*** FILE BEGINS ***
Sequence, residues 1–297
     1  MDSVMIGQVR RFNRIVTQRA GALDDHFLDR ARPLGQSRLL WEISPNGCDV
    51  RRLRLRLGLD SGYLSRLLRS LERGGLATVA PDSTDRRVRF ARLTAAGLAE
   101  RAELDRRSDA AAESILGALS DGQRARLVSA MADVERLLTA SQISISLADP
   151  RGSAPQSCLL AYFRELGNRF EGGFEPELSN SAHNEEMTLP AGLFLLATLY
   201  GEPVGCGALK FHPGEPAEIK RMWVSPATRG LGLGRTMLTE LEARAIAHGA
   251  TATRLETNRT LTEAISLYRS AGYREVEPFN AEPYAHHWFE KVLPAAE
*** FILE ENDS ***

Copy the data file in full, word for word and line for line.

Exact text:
Sequence, residues 1–297
     1  MDSVMIGQVR RFNRIVTQRA GALDDHFLDR ARPLGQSRLL WEISPNGCDV
    51  RRLRLRLGLD SGYLSRLLRS LERGGLATVA PDSTDRRVRF ARLTAAGLAE
   101  RAELDRRSDA AAESILGALS DGQRARLVSA MADVERLLTA SQISISLADP
   151  RGSAPQSCLL AYFRELGNRF EGGFEPELSN SAHNEEMTLP AGLFLLATLY
   201  GEPVGCGALK FHPGEPAEIK RMWVSPATRG LGLGRTMLTE LEARAIAHGA
   251  TATRLETNRT LTEAISLYRS AGYREVEPFN AEPYAHHWFE KVLPAAE